I move amendment No. 43a:
In page 15, line 16, to delete “out.” and substitute the following:“out;
(e) the address at which the termination of pregnancy was carried out;
(f) the age, marital status, ethnicity, gravidity and parity (including the numbers of any previous pregnancies resulting in live births, stillbirths over 24 weeks, spontaneous miscarriages, ectopic pregnancies and previous terminations of pregnancy) of the pregnant woman in respect of whom the termination of pregnancy was carried out;
(g) the length of the pregnancy at the date on which the termination of pregnancy was carried out;
(h) whether the pregnancy was singleton or multiple (specifying how many);
(i) the date and the method of foeticide, if used;
(j) the dates, methods and medical agents used to effect termination of pregnancy;
(k) where the termination of pregnancy was a selective termination, the original number of foetuses and the number to which they were reduced;
(l) where a termination of pregnancy has been carried out under section 12, the condition affecting the foetus and the method of and grounds for the diagnosis of that condition;
(m) whether a live birth followed the termination of pregnancy, and, if so, the care given to the baby and its outcome;
(n) if the death of the woman occurred as a result of the termination of pregnancy, the date and cause of death;
(o) such other information as may be prescribed.”.
Gerry Adams, Mick Barry, John Brady, John Brassil, Declan Breathnach, Colm Brophy, Tommy Broughan, James Browne, Richard Bruton, Pat Buckley, Joan Burton, Mary Butler, Catherine Byrne, Jackie Cahill, Dara Calleary, Pat Casey, Lisa Chambers, Joan Collins, Catherine Connolly, Ruth Coppinger, Marcella Corcoran Kennedy, John Curran, Pearse Doherty, Stephen Donnelly, Timmy Dooley, Andrew Doyle, Bernard Durkan, Dessie Ellis, Damien English, Martin Ferris, Frances Fitzgerald, Kathleen Funchion, Simon Harris, Seán Haughey, Séamus Healy, Martin Heydon, Brendan Howlin, Heather Humphreys, Paul Kehoe, Billy Kelleher, Alan Kelly, Martin Kenny, Seán Kyne, John Lahart, Marc MacSharry, Josepha Madigan, Micheál Martin, Finian McGrath, Michael McGrath, John McGuinness, Joe McHugh, Tony McLoughlin, Mary Mitchell O'Connor, Denise Mitchell, Aindrias Moynihan, Imelda Munster, Margaret Murphy O'Mahony, Catherine Murphy, Eoghan Murphy, Tom Neville, Darragh O'Brien, Jonathan O'Brien, Jim O'Callaghan, Kate O'Connell, Fergus O'Dowd, Fiona O'Loughlin, Louise O'Reilly, Frank O'Rourke, Jan O'Sullivan, Maureen O'Sullivan, Eoin Ó Broin, Caoimhghín Ó Caoláin, Éamon Ó Cuív, Donnchadh Ó Laoghaire, Aengus Ó Snodaigh, Thomas Pringle, Maurice Quinlivan, Brendan Ryan, Eamon Ryan, Seán Sherlock, Bríd Smith, Brian Stanley, David Stanton, Robert Troy.
I move amendment No. 43b:
In page 15, between lines 29 and 30, to insert the following:“(7) A medical practitioner who wilfully or recklessly contravenes subsection (1) of this section shall be guilty of an offence.
(8) A person who is guilty of an offence under this section shall be liable--(a) on summary conviction to a class A fine or imprisonment for a term not exceeding 12 months, or both,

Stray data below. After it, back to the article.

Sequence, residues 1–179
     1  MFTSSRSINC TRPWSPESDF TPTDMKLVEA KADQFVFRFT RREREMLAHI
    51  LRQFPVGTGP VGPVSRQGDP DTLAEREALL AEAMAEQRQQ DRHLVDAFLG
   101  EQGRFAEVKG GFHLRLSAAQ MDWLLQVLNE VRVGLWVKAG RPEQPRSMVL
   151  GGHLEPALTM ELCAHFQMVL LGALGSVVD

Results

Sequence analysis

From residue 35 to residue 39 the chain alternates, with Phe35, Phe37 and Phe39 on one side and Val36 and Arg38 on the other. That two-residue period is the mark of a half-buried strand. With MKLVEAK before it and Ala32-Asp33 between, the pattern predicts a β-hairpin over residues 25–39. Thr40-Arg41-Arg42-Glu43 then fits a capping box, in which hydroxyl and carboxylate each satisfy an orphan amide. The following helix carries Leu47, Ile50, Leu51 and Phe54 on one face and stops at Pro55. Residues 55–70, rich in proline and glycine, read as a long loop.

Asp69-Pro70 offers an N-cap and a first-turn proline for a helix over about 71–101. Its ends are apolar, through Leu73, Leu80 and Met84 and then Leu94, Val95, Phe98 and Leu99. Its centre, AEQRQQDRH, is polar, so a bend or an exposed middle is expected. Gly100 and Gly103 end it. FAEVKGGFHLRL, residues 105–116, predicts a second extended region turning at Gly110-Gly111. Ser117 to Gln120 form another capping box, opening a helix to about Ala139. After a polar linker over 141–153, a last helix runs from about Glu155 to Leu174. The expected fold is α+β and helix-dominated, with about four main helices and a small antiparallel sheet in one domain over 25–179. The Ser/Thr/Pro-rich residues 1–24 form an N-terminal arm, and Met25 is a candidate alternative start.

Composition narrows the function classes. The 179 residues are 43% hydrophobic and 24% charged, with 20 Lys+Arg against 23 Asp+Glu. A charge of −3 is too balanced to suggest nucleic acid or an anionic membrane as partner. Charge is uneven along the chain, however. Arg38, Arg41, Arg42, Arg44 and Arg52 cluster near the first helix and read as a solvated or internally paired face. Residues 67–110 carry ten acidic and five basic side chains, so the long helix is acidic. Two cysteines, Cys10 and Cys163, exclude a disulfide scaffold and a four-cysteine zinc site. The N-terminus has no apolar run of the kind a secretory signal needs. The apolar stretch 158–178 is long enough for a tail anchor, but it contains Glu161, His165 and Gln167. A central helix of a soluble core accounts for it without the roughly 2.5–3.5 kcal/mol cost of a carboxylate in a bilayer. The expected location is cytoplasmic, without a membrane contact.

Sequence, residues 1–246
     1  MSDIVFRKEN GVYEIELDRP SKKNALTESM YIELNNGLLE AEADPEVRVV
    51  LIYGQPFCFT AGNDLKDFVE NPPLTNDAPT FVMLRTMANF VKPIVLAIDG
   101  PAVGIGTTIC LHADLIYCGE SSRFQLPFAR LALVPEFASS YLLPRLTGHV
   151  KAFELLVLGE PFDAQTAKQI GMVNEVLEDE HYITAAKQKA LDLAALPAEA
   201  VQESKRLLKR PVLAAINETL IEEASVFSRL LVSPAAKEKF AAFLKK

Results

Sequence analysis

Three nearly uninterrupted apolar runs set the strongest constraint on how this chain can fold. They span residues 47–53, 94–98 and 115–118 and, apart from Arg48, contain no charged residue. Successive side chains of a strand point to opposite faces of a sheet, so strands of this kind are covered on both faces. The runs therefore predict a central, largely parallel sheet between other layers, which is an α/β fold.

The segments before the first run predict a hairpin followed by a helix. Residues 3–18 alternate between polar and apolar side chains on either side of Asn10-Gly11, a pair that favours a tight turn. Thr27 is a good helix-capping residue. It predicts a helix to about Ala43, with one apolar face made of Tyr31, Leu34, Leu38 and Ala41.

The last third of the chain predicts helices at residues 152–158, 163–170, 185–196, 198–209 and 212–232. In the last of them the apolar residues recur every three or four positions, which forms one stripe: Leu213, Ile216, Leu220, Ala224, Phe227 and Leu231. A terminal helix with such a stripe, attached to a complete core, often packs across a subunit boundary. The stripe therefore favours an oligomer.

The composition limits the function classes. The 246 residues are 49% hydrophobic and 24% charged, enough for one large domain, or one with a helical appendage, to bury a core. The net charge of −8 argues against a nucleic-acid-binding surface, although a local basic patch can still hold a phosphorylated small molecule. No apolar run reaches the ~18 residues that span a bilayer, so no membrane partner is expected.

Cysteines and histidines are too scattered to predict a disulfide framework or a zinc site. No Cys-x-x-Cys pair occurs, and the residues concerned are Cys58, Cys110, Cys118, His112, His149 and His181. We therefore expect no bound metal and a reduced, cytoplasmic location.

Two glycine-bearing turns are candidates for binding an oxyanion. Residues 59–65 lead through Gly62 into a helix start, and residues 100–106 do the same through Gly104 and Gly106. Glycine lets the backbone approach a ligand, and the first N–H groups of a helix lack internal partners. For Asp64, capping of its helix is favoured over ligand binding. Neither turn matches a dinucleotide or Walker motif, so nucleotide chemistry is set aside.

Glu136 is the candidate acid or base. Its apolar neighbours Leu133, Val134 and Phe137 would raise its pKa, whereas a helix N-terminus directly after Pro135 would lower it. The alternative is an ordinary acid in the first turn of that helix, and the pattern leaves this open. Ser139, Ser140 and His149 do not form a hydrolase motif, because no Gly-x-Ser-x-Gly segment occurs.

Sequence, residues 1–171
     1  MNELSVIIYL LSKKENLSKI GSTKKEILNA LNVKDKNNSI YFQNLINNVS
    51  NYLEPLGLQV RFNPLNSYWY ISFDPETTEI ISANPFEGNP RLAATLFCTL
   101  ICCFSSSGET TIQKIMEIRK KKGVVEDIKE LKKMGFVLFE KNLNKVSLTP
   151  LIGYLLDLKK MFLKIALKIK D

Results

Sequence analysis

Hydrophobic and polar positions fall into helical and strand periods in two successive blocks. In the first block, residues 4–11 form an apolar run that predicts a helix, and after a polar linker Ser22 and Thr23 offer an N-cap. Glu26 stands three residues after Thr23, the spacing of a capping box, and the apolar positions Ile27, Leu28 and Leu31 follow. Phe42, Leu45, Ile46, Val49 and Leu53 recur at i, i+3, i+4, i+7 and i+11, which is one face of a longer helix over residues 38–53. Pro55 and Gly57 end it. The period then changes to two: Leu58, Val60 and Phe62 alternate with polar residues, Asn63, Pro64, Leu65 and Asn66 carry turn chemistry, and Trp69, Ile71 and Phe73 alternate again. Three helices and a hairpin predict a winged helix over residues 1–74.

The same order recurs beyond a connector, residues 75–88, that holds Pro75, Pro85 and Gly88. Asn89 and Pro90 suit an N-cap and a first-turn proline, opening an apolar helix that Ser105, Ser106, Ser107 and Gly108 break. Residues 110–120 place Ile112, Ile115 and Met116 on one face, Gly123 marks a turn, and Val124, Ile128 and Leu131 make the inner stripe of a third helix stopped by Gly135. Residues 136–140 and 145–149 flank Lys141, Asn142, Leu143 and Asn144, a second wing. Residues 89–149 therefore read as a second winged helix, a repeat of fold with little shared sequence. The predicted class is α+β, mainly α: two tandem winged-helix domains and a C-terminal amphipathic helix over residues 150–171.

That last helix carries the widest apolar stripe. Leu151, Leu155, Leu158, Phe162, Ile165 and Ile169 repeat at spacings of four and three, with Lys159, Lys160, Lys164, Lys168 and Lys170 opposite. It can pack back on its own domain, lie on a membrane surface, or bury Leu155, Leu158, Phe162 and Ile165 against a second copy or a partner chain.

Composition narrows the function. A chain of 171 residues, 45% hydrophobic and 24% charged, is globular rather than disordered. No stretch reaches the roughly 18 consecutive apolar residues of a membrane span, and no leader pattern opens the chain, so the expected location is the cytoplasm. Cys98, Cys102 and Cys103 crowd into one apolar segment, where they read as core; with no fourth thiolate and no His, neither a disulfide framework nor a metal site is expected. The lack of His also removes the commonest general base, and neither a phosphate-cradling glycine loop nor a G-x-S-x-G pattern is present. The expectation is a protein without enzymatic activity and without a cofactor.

(b) on conviction on indictment to a fine or imprisonment for a term not exceeding 5 years, or both.”.
Gerry Adams, Mick Barry, John Brady, John Brassil, Declan Breathnach, Colm Brophy, Tommy Broughan, James Browne, Richard Bruton, Pat Buckley, Joan Burton, Mary Butler, Catherine Byrne, Jackie Cahill, Dara Calleary, Pat Casey, Lisa Chambers, Joan Collins, Catherine Connolly, Ruth Coppinger, Marcella Corcoran Kennedy, John Curran, Pearse Doherty, Stephen Donnelly, Timmy Dooley, Andrew Doyle, Bernard Durkan, Dessie Ellis, Damien English, Martin Ferris, Frances Fitzgerald, Michael Fitzmaurice, Kathleen Funchion, Simon Harris, Seán Haughey, Séamus Healy, Martin Heydon, Brendan Howlin, Heather Humphreys, Paul Kehoe, Billy Kelleher, Alan Kelly, Martin Kenny, Seán Kyne, John Lahart, Marc MacSharry, Josepha Madigan, Micheál Martin, Finian McGrath, Michael McGrath, John McGuinness, Joe McHugh, Tony McLoughlin, Mary Mitchell O'Connor, Denise Mitchell, Aindrias Moynihan, Imelda Munster, Margaret Murphy O'Mahony, Catherine Murphy, Eoghan Murphy, Eugene Murphy, Denis Naughten, Tom Neville, Darragh O'Brien, Jonathan O'Brien, Jim O'Callaghan, Kate O'Connell, Fergus O'Dowd, Fiona O'Loughlin, Louise O'Reilly, Frank O'Rourke, Jan O'Sullivan, Maureen O'Sullivan, Eoin Ó Broin, Caoimhghín Ó Caoláin, Éamon Ó Cuív, Donnchadh Ó Laoghaire, Aengus Ó Snodaigh, Thomas Pringle, Maurice Quinlivan, Brendan Ryan, Eamon Ryan, Eamon Scanlon, Seán Sherlock, Bríd Smith, Brian Stanley, David Stanton, Robert Troy, Leo Varadkar.
I move amendment No. 44:
In page 15, between lines 29 and 30, to insert the following:
"Provision of foetal ultrasound imaging and auscultation of foetal heart tone
23.(1) At least 24 hours before the carrying out of a termination of pregnancy the relevant medical practitioner or a qualified person assisting the relevant medical practitioner